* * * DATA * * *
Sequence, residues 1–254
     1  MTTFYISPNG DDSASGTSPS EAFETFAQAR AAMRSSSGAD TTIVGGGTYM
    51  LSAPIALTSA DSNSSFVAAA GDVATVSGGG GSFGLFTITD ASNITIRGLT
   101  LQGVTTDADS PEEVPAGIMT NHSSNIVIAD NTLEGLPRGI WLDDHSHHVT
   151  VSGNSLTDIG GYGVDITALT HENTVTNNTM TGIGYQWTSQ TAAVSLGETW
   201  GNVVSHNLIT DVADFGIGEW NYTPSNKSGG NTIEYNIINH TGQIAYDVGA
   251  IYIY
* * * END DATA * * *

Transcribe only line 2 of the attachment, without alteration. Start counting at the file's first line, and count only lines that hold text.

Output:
     1  MTTFYISPNG DDSASGTSPS EAFETFAQAR AAMRSSSGAD TTIVGGGTYM